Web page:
Not long ago, Americans were more likely than Canadians to support the Keystone XL pipeline. Today, the tables have turned.
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Deeply skeptical of authority, and lacking strong social and emotional connections, Lone Wolves resemble the stereotypical Gen Xers of the 1990s: cool and standoffish. These Millennials are solitary, and favour keeping life simple and straightforward. They are seldom involved in community events, have little civic engagement and they don’t feel strongly connected to what’s going on in society at large. Still, whereas some people who feel disconnected from society feel angry or hostile to others, Lone Wolves are low-key: they are not xenophobic or sexist, for instance. If disaffected Gen Xers’ motto was “Whatever,” perhaps the Lone Wolves’ words to live by are “I’m not hurting anyone. Just let me be.”
Engaged Idealists are Millennials on steroids: engaged, sociable, energetic, experience-seeking and idealistic. They believe in contributing as much as possible to their relationships, careers and communities—and the reward for their efforts is personal growth and development.
These Millennials believe that their actions matter, shaping their lives and the world around them. They recognize that their environment is complex, but feel confident in their ability to navigate it. They want interesting, meaningful careers that let them express themselves and use the creativity that is central to their identity. Money is nice, but the quality of their work experiences is a higher priority. They also try to have time for spontaneous fun, which they see as an important part of a happy, balanced life.
Bros and Brittanys
Avid risk-takers who pursue thrills and excitement, Bros and Brittanys are Millennials who work hard to get paid and have the lifestyle they want. They are the largest segment of their generation and very enthusiastic consumers. These Millennials embrace technology and appreciate social connectivity. Looking good and being respected is important to them—and, as such, they like to stay current with the latest trends. These Millennials are not looking to change the world and sometimes they don’t feel in control of their destinies. Time for an escape and a little fun like catching a concert, beer and HD sports in the man cave or a girls’ night out are important to them.
To Diverse Strivers, ‘making it’ in life, and doing things that bring new and intense experiences are top priority. These Millennials crave success and they push themselves to achieve it in a number of ways. They work hard in their careers and pursue personal challenges (like marathons or marathon hot yoga sessions) in the off-hours. They try to inspire respect in those closest to them by doing their duty, and being upstanding members of their families and communities. They take care to look good, and have the latest gadgets and toys to maintain a sharp and successful appearance. Diverse Strivers report high levels of vitality—they love crowds, attention and pursue intensity in all they do—and they need every bit of their energy to keep pushing forward toward their goals; they never stop building their resumes to satisfy their own ambitions and impress others.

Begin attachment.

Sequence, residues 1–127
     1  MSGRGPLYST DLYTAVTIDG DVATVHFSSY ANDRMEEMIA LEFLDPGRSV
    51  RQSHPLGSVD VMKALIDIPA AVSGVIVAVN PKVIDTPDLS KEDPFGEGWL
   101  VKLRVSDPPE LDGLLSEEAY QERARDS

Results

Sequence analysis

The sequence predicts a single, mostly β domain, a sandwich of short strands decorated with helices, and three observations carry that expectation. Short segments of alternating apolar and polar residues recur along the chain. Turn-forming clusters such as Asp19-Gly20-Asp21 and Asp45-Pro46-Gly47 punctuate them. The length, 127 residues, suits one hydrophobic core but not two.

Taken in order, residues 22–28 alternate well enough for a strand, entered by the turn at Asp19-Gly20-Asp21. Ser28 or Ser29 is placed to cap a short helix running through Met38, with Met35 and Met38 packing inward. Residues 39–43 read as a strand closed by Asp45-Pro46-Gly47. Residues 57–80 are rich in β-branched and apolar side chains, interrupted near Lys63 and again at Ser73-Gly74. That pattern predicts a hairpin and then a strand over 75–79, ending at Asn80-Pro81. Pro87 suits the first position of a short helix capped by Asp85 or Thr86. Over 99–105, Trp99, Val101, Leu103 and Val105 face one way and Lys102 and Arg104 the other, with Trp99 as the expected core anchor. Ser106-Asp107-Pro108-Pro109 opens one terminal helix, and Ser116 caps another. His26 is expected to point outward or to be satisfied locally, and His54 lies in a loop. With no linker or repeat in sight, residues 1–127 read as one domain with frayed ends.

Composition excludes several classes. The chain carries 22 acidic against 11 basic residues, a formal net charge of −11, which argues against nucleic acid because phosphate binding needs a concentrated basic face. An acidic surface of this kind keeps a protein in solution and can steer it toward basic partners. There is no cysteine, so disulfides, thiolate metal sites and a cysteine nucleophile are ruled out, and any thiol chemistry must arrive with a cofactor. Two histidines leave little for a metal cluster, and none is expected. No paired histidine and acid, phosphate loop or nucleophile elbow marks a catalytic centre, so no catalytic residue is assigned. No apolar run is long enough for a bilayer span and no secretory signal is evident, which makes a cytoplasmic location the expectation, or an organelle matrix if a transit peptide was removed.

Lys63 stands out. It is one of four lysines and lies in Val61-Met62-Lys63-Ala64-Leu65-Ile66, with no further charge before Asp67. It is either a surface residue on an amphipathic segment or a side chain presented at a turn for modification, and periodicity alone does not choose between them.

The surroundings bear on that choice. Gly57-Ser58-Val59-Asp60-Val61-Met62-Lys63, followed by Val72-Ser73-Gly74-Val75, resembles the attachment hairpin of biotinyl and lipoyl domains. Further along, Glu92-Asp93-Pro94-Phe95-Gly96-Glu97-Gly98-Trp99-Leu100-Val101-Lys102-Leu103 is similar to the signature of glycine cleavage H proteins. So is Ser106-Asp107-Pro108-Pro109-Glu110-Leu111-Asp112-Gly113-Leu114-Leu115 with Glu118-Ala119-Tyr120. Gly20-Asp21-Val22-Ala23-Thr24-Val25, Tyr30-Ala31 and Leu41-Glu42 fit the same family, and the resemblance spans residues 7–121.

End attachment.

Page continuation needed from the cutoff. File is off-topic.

Millennials in the Critical Counterculture segment are the engaged, critical young people of the kind sometimes featured in news stories about 20-somethings building businesses, pursuing groundbreaking online activism, and otherwise shaking up the world.
These Canadians share many of the same progressive values as their comrades, the Engaged Idealists: they believe in gender equality, are at ease with diversity of all kinds, and reject discrimination and injustice. But while the Engaged Idealists see the world through a social and emotional lens—pursuing authentic relationships and experiences, and striving to express their true selves—the gold standard for Critical Counterculture is clear-eyed rationality.
The Critical Counterculture segment rejects status and authority they see as illegitimate or superficial; they don’t mind leading when they can add value to a project, but would hate for someone to judge them by their jeans or smartphone.
As their name suggests, New Traditionalists hold many values that would not be out of place in the 1950s—but their outlook also reflects some distinctly 21st century concerns, including an interest in environmental issues and a related commitment to buying green products.
These Millennials are more religious and spiritual than others. Religion is an important part of their lives and central to their identity. They believe in staying true to the values with which they were brought up, particularly towards conservative family values and gender roles. The New Traditionalists also value traditional modes of etiquette and propriety: appropriate dress, good manners, respect for elders, a tidy home. They respect authority figures more so than their peers, report a stronger sense of duty, and a greater sense of identification with their family roots and ancestors.